Course Policies 1. Attendance

    Regular attendance is required in this course. Attendance will be taken and counted beginning the first day of class. The student is allowed to miss 3 days (MWF), 2 days (T/R), and 1 day (if class meets once a week) without penalty to the final grade. However, a students absence will result in a zero for all work/assignments completed on that day. Once a student misses more than the allotted absences mentioned above, two (2) points will be deducted from the students FINAL average for each additional absence. This number includes both EXCUSED and UNEXCUSED absences. You will be counted absent if you are not present for the entire class. Three tardies (more than 10 minutes) will result in an absence. To be considered excused for a class absence, the student must be excused through the school as they will be attending a school sponsored event. In these cases, it is the responsibility of the student to complete any assignments they will be missing prior to their departure. Please come talk to me if as soon as you know you will be missing a class.

    2. Late Speeches

    If you are not present when scheduled to give your speech and do not have a legitimate reason for being absent (i.e., hospitalization, funeral of close family member), YOU WILL RECEIVE A ZERO for that presentation. Only if an absence is excused through the school or the instructor will a student be allowed to make up a speech. If you have a legitimate reason for missing, YOU ARE REQUIRED TO MAKE UP YOUR SPEECH THE DAY THAT YOU RETURN. This means that you must have your documentation legitimizing your absence and your speech materials ready. You will be FIRST to present on the day that you return. However, if you do not have a legitimate reason, remember course policy states: FAILING TO GIVE A SPEECH ON THE ASSIGNED DATE WILL RESULT IN A ZERO. NOT DELIVERING ALL FOUR SPEECHES WILL RESULT IN AUTOMATICALLY FAILING THE CLASS REGARDLESS OF YOUR NUMERICAL AVERAGE.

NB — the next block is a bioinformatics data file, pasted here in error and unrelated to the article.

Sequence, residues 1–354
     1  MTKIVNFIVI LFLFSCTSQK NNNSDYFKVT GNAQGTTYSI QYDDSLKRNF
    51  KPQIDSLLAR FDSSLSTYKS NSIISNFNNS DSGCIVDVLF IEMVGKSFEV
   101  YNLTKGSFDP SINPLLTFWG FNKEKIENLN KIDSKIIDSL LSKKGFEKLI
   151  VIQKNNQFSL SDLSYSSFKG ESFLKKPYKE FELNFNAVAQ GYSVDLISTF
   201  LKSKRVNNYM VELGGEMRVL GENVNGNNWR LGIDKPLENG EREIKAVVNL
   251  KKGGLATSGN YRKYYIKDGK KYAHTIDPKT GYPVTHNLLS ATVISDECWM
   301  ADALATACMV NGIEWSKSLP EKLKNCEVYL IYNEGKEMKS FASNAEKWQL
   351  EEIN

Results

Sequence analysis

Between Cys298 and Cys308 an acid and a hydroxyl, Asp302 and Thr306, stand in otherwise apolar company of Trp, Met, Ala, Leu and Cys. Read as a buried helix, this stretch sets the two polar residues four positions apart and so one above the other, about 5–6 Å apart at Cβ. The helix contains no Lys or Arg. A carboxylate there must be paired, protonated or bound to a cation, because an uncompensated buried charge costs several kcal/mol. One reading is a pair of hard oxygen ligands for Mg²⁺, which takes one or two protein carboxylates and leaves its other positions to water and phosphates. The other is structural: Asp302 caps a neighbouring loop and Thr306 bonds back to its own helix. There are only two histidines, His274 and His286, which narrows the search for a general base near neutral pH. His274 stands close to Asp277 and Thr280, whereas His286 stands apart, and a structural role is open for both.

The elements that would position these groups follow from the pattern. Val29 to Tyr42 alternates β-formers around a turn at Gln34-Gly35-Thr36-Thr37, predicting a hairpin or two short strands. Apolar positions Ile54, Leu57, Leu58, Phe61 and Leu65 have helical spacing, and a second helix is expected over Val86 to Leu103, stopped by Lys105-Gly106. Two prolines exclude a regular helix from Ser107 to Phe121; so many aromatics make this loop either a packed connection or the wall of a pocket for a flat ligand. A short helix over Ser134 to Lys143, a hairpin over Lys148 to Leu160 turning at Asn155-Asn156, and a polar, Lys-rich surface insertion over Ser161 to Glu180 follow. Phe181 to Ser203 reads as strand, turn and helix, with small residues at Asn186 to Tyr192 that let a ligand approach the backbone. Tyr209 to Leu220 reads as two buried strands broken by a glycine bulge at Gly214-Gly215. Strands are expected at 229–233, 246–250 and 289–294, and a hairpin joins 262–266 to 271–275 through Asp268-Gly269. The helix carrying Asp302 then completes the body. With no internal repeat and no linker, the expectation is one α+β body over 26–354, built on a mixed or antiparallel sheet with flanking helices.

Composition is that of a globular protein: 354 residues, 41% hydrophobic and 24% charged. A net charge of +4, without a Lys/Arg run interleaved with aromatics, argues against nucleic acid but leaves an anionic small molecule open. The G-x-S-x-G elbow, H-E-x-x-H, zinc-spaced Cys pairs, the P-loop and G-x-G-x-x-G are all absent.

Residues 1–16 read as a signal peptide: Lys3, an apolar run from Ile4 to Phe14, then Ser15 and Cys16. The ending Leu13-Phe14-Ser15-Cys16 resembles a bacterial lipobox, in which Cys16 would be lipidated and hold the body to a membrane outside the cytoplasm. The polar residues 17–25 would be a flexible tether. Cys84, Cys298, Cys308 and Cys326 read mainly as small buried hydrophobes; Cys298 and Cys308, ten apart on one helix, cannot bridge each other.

Also, showing up late on your scheduled speech date will result in 15 points being deducted from your speech.

    3. Late Tests

    If you miss a test due to an excused absence (i.e., hospitalization, funeral of close family member), you must make the test up within a reasonable length (no more than one week, desirably less.) All arrangements for making up work should be made prior to the absence, if possible, and is the students responsibility. A typed, signed and dated explanation must be given to the instructor upon returning to class.